My blind passengers had almost nothing in common. Except they were all blind. And they all knew they were blind. They lived there lives realizing their blindness and from what I could tell, they chose not to accept the limitations I would have assumed they had. I was in many ways blind to their limitations, but I saw their commitment to excellence in how they lived their lives. They knew they were blind, but they also understood their adaptations.
If I were blind, it would be very important to KNOW what I did not see. To KNOW that I was blind would not limit me, but I would have to adapt. If I were not aware of my blindness I might walk into walls, or off of porches, or tumble down stairwells. If I were not aware of my blindness I could easily walk into oncoming traffic, fall into a swimming pool, or spend my day bumping into other people. If I were blind, it would be critical for me to know I was blind, and what steps I would need to take to navigate my blind day. I could not just be placed at the start of a triathlon course, and hear the command to “Go!” and compete without an assist.
And the reason I recount the stories of my blind Uber passengers is because I have been challenged recently to confront my own blindness. I started this blog by pointing out that I have no “blind friends.” I do have many friends and acquaintances that are Spiritually blind however. Mine is not the story of me losing physical sight. It is my journey into knowing what God has challenged me to see. There is a spiritual blindness spoken of frequently in the Bible. But occasionally I clearly see what God is asking me to see. I believe in spiritual darkness and blindness, and spiritual light and sight.
I need to share some words from my favorite “new” preacher/teacher. Since the Pandemic I have spent time joining several church services online. And recently I returned to the Church of my youth. My home church from ages 10-22. At age 68 I returned “home.” This return is the “best” part of my Covid shut down. I am grateful for my online attendance. My “pandemic preacher,” shared online last week from The Gospel of John. Pastor Jim West, from Colonial Presbyterian Church in Kansas City shared the Story of Jesus healing a blind man., recounted in the Bible passage in John 9. It was not a new story to my ears, I have read, preached and taught from this passage during my ministry days. But as I have shared in this blog before, “the Word of God is living and active,” and even familiar stories become fresh and provide new insight and vision. This is a story of a man born blind. A story of miracles, of the power of Jesus, of faith, of believers, of doubters, of a man without sight from birth, and the same man who receives sight.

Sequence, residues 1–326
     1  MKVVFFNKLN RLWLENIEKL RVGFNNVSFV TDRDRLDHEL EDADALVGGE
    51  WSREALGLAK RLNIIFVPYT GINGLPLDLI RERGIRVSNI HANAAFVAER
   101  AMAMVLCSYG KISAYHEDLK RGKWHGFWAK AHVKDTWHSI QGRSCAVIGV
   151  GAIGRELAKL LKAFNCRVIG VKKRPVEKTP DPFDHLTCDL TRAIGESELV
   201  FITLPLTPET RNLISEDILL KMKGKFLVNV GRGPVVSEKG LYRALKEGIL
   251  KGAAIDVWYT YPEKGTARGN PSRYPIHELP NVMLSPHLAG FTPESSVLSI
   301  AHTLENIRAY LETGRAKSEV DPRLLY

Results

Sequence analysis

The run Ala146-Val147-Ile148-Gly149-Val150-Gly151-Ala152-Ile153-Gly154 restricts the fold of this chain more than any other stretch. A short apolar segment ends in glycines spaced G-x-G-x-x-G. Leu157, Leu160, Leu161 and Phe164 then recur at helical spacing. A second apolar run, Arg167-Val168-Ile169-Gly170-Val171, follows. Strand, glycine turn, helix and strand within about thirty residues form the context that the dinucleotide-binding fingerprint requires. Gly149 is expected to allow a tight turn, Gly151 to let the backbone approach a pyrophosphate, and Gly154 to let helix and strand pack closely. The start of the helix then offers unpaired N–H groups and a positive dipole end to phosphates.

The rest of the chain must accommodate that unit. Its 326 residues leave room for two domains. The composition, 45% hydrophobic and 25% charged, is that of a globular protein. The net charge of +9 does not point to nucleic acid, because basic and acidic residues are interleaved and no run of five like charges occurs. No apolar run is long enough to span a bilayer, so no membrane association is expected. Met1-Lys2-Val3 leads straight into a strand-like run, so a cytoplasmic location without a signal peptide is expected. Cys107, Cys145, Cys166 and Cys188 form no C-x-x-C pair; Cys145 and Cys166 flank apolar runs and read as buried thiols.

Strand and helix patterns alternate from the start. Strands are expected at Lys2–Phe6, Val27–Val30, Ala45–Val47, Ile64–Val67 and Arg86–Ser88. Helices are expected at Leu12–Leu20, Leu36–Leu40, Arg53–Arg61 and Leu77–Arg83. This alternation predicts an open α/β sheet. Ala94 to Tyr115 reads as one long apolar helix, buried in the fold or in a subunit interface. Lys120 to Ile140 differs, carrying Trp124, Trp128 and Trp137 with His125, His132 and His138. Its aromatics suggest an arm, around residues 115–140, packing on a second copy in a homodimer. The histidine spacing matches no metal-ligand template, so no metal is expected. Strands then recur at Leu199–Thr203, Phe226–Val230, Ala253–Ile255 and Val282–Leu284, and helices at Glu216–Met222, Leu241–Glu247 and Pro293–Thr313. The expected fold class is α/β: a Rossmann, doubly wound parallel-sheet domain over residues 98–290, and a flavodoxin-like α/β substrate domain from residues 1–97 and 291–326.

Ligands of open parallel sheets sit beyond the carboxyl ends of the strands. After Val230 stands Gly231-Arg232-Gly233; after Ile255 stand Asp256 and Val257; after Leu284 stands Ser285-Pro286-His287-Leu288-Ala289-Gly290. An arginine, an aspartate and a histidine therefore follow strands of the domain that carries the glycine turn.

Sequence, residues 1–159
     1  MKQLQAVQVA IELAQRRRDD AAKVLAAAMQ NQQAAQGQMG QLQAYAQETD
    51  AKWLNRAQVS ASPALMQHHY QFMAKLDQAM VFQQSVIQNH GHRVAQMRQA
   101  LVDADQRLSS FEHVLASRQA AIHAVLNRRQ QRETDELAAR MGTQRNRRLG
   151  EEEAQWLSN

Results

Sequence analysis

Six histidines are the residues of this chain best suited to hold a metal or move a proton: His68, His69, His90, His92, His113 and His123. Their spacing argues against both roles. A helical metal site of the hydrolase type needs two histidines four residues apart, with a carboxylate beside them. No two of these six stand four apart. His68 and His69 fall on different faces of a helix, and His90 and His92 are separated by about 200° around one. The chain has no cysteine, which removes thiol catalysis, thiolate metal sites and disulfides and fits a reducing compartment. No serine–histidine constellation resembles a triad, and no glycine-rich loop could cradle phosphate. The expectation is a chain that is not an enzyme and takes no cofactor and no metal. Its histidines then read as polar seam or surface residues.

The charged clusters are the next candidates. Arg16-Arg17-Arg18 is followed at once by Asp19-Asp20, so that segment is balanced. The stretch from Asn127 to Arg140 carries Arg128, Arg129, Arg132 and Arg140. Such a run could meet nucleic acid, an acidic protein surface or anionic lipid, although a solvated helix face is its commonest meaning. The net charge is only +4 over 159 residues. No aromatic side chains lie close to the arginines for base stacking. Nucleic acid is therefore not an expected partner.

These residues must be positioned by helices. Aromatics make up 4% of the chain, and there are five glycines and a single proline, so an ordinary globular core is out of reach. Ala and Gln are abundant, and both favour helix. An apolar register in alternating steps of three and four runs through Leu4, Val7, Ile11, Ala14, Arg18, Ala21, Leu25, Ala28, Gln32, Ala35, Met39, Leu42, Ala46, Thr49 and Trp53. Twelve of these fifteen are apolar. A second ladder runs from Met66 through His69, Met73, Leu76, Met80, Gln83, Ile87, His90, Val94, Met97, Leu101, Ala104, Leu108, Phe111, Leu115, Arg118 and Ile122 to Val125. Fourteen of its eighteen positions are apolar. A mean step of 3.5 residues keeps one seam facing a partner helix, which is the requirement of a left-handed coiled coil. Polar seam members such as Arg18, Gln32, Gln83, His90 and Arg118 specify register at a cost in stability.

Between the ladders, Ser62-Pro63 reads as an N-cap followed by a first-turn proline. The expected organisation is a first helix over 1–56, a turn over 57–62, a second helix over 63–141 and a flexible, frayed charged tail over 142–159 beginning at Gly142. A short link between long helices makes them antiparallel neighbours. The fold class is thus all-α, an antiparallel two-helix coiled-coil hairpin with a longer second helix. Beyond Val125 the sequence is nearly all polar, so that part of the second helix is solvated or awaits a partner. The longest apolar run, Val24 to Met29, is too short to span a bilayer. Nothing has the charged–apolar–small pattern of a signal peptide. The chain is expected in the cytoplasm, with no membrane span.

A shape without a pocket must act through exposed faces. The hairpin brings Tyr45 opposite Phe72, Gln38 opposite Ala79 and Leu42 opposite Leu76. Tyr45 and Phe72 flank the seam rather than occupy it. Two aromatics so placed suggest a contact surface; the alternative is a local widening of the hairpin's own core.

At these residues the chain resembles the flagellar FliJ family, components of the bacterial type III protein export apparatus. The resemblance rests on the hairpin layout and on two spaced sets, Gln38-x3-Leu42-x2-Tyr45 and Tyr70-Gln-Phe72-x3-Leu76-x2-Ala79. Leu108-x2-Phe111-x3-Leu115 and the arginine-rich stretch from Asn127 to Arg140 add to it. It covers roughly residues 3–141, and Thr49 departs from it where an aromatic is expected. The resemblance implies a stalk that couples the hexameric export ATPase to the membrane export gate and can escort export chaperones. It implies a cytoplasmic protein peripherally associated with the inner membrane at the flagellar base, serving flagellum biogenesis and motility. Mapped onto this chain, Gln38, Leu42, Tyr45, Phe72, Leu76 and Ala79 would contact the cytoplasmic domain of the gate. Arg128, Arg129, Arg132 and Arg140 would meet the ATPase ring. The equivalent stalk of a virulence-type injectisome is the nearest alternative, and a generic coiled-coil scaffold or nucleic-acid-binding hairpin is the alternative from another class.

Pastor Jim helped to open my Spiritual eyes. There are actually different experiences of blindness. It is a reality that I have never considered. And the difference can be striking. There are those that were born with sight and through disease or accident, these folks have lost their sight. Such were my Uber customers Charles and Patricia, folks who can share stories when they were not blind and contrast them to things they now experience once they lost sight are are now blind. If I say to them the stop light is red, they see in their mind’s eye the “same” color I see in my eyes. They “know” what I see, and can “see” also when I say “dark clouds are forming, it looks like a storm is brewing.” Or if I were to say, the cloud formation is amazing, it looks like an elephant, their minds eye is similar to my sighted eye. For the most part my words have the same meaning for them as they have for me.
But what does a person blind from birth envision. To say the sky is blue conjures a completely different picture. What is blue? What does a yellow sun look like if it has never been seen? What does a blind person feel or see when “something is like something else.” That cloud looks like an elephant. It is a “different” blindness, is it not?
I have never lost my sight, I have however experienced “blindness.” Or what I thought blindness might “feel” like. I use to travel frequently for business. Waking up in a new hotel room was occasionally a temporary blind experience. Have you ever awakened in an unfamiliar location in what I would call pitch black? Such might be the experience of the first night in a darkened hotel room. Rolling over in my sleep to awaken to the “where am I” sensation. It has approached frightening. I am so disoriented. I struggle to recall why I am here. The bed is strange, the room is a different kind of quiet, I am lost. “I am BLIND!” My eyes are open, I can see nothing. I literally put my hand in front of my face—-Nothing. Then from across the room I see it. A small horizontal line of light across the floor. And I suddenly remember. It is the light from the hotel hallway that has made its way under the door and to my eye, and suddenly I am aware of everything. As my eyes now adjust to this sliver of light, I see that I am not it pitch black at all. I am not lost in an unfamiliar location. I can traverse the room to the bathroom without a collision. I see the light. And my mind is at peace.
And so it is with life itself. Most of us have sung about our blindness. Most do it without realization of what they sing or say. Almost everyone has sung along with the song “Amazing Grace.” Perhaps a song as familiar to the ear as “Happy Birthday.” We confess our blindness with more regularity than we are ever aware of. Like most of my friends my age, I first sang about my “blindness” with Judy Collins in the 1960s. You probably sang about your blindness at the recent memorial service for Civil Rights leader and Congressman John Lewis. You will sing about your blindness at a 9/11 day of remembrance. You will affirm your blindness as you remember George Floyd or at the funeral of your Uncle Floyd. It is the most popular song of confession I have ever sung or heard sung. It matters not who you are, or what you think you believe. Everyone has sung these lyrics.